Legal separation is an agreement between spouses where they live separately. This can be done legally in the form of a court order, where arrangements regarding things like taking care of the children and financial support are written out officially, or informally via an agreement between the two parties.
A legal separation usually leads to divorce, but doesn’t automatically. Sometimes a separation is enough to help the couple to reconcile.
If both people decide to file divorce papers, then it becomes the same process as everyone else’s – the fact of the legal separation is irrelevant.
Discuss The Situation and Come Up With an Outcome for Both of You
If you’re not in a heated legal battle, try to have some civil discussions about how the divorce should proceed. Think about:
- Assets – should you sell the house or have one person keep it? Whose names are your cars in? Which one of you will move out?
- Debts – Who is legally responsible for your debts? How will you handle paying them off?
- Family – How will you tell your friends and family? Do any arrangements have to be made?
- Children – The hardest of all, start thinking about how you can both make this transition as easy as possible for your kids.
- Pets – You can split your savings evenly, but you can’t divide a pet. Did one of you take care of your pet more than the other? Try to be fair – if you find yourself wanting to take something just so your spouse can’t have it, you’re falling into a spiral of anger and bitterness that will make how you file for divorce that much more difficult.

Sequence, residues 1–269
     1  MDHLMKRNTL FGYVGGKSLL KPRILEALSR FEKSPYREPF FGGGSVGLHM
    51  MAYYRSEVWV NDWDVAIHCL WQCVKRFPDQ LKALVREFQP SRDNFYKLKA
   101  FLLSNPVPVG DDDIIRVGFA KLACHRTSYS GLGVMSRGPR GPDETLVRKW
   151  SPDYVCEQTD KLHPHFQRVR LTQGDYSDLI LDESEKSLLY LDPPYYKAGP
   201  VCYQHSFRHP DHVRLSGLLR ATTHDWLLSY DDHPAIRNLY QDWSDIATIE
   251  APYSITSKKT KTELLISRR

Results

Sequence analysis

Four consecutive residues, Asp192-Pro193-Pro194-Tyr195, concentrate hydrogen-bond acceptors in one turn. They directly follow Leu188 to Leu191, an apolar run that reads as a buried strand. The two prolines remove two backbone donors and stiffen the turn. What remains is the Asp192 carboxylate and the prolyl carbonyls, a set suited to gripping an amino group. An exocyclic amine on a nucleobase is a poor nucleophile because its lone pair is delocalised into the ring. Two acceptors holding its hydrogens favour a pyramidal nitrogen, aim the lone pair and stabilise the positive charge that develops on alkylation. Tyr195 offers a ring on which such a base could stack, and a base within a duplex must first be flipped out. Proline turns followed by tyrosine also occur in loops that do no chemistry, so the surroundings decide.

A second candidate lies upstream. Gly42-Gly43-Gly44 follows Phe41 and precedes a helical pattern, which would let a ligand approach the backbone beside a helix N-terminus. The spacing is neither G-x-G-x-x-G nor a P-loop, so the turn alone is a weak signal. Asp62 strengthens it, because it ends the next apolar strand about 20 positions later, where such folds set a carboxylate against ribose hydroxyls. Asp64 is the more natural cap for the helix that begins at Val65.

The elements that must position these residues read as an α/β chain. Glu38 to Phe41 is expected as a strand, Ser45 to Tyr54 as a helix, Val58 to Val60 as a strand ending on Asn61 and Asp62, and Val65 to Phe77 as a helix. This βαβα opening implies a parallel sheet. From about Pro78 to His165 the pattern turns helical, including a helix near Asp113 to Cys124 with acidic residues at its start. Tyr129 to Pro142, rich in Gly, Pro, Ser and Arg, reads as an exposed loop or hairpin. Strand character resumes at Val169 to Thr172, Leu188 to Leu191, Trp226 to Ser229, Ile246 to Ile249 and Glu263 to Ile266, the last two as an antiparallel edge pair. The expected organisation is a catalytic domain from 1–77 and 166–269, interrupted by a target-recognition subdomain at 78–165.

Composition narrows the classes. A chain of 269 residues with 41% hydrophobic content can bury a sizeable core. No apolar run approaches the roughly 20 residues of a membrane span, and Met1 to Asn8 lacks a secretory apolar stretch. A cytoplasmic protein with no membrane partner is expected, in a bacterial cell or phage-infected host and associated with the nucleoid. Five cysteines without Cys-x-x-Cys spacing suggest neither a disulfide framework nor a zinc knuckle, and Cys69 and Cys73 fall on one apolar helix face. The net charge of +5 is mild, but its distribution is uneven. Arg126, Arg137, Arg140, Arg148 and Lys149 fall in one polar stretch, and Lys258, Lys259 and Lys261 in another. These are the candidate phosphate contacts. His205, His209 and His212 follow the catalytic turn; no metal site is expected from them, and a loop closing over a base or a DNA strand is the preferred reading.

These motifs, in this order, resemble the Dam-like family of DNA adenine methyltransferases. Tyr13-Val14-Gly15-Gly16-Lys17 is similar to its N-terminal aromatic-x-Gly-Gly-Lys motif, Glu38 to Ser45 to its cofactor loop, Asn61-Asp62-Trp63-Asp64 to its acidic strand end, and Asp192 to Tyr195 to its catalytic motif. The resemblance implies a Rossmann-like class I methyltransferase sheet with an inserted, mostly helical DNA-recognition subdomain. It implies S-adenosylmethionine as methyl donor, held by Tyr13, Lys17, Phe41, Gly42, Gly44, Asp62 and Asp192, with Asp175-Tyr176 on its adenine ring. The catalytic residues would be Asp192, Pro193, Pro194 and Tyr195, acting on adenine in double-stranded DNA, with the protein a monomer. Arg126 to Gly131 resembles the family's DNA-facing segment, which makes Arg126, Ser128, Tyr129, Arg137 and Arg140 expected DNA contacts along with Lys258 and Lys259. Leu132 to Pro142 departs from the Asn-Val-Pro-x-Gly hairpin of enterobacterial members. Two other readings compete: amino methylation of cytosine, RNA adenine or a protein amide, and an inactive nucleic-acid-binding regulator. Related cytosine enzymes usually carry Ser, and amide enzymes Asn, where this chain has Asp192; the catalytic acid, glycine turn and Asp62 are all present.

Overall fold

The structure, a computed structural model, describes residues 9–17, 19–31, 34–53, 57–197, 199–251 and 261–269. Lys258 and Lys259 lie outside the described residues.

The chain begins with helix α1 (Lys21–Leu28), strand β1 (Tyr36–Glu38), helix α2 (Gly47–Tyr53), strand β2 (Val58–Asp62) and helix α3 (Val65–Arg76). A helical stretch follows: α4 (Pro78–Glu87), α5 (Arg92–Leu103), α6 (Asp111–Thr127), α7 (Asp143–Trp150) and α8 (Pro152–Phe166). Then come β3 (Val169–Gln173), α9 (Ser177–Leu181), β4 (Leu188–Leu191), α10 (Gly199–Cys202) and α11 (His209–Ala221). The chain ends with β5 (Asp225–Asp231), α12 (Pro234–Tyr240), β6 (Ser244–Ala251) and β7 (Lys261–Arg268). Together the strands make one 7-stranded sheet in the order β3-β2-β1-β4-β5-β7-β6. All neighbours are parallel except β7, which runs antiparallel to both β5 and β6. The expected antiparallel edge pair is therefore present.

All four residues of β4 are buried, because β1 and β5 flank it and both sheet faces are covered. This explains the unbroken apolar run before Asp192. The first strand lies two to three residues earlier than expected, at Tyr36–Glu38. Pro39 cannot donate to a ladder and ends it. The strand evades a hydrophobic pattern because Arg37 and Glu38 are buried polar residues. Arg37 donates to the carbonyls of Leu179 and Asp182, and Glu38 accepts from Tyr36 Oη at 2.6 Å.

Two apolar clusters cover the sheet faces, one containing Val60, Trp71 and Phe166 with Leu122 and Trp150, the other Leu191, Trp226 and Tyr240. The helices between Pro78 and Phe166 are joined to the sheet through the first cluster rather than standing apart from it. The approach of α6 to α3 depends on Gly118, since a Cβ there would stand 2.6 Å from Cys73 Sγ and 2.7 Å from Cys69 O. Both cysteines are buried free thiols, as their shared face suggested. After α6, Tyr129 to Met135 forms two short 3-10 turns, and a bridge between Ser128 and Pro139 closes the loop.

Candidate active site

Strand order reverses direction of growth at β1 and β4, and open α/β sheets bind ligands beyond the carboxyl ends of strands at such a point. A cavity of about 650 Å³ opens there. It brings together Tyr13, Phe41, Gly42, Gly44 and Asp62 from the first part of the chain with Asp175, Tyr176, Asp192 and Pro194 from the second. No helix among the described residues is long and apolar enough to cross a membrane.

Is Your Divorce Contested or Uncontested?
If you can come up with a good solution to the above issues, you can hopefully proceed with an uncontested divorce. Uncontested means you both agree to the terms and are now responsible with just paperwork.
If you can’t agree on things like splitting assets or custody of children, you’ll need to each hire a lawyer and begin negotiations.
Ask Your Attorney the Right Questions
Depending on where you live, you may have to deal with things like residency laws and immigration issues. There’s no automatic right answer, and it’s these smaller issues that can trip you up when figuring out how to file for divorce.